When it comes to fame, Manchester is one of the most well-known cities in the UK. It grabs the attention of football fanatics, academics, musicians, and performers alike. It is a place where they come to experience and do the things they love. A lot of time and history has gone into creating this image of Manchester as a grand representation of British culture. But often what gets overlooked is the role that the surrounding areas played in making Greater Manchester truly great. Since the industrial revolution – which really put Manchester on the map – till now, Prestwich, Whitefield, and Salford all have rich histories which have contributed to the culture and traditions of Greater Manchester.
Prestwich and Whitefield were all major players in the industrial revolution. They gradually changed from rural, lightly populated areas, surrounded by country lanes, to bustling urban settlements. Like Manchester, the industrialisation of these areas focussed largely on cotton and fabric manufacturing. Cloth was made, and Prestwich was known in particular for its silk weaving: a refined art. These locations would make, bleach, and dye fabric to be sold in Manchester. It would then be used in the factories there or exported around the rest of the world. This helped the UK become one of the most economically powerful countries in the world during this time.
The change from rural to urban settlements, and low to highly populated areas was a gradual one. But, the effect of the industrial revolution in the 19th century saw the population of Salford rise from 12,000 to 220,000 by the end of the century. This fast population change in the Salford created areas of densely populated housing with as many as 80 to the acre. Despite this, Salford was only given city status in 1926. The city’s brewing industry contributed a lot to the local economy too, and with the opening of the ship canal, the docks played a crucial role in trade and occupations for men in the city.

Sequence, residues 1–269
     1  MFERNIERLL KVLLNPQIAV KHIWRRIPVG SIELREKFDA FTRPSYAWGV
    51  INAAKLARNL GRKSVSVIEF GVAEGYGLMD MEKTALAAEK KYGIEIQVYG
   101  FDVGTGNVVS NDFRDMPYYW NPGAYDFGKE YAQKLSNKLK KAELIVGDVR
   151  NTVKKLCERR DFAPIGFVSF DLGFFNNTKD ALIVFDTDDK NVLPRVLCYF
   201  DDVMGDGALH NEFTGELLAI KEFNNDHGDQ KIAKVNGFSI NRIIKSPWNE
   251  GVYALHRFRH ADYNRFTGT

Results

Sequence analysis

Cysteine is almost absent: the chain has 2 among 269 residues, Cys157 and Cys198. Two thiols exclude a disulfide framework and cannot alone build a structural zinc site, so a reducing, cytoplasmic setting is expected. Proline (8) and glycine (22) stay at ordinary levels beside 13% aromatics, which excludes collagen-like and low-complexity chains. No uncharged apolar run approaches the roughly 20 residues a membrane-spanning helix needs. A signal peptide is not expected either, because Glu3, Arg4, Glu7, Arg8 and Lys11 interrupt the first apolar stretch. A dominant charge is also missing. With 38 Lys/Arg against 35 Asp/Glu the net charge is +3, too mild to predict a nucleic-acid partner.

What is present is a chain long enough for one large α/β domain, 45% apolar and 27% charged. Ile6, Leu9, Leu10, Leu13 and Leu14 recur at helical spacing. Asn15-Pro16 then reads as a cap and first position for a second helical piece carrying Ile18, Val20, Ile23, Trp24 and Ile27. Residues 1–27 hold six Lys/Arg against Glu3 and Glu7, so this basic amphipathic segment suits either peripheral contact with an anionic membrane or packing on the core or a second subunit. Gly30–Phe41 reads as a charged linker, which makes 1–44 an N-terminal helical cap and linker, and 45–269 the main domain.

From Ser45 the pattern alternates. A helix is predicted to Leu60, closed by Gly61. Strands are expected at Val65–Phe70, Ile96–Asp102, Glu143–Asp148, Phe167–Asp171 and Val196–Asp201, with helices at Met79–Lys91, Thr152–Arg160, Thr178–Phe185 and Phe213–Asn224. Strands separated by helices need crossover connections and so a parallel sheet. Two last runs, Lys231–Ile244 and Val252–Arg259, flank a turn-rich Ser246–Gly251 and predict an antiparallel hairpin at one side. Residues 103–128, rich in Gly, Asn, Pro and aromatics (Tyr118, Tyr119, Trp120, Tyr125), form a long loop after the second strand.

Like most places in the world, the population of Greater Manchester has continued to rise. The rise is much more gradual than that caused by the industrial revolution. Still, it has resulted in Greater Manchester being one of the best places for city living in the UK. You can see the remnants of the industrial revolution in inner-city areas that have been regenerated for modernity while holding onto the rich history of the city. Victorian factories are now luxury apartments, bars and clubs. The docks have now become Salford Quays, where instead of freight shipments with steamships, you can now enjoy a wide range of activities. You can try water activities like windsurfing, visit the Imperial War Museum, or watch an award-winning show at the Lowry.
With the rising population, the transport links across the region have had to be improved. Trains, trams, and even the busiest bus route in Europe are all found in Greater Manchester. The industrial revolution was so beneficial to the formation of modern Britain and the rest of the world, but it also caused extreme pollution and health problems. In a move away from this legacy, Greater Manchester has become one of the best places in the UK to fight these issues. World-leading universities like the University of Manchester and Salford University are tackling environmental and health problems through research.
The area itself continues to become greener every day with new cycle paths being added to encourage less traffic. Also, green spaces are more important than ever in Manchester. Attractions like Fletcher moss park, Heaton park or the nearby Peak District mean that the remnants of Greater Manchester’s industrial past can be escaped for the day or a long weekend.
Greater Manchester is a large area with a lot to offer potential property buyers. It is an area that offers rich cultural diversity, excellent transport links, excellent education options and world-renowned entertainment. To find out more about the property options in greater Manchester, contact our team today. We will be happy to discuss what else Greater Manchester can offer you.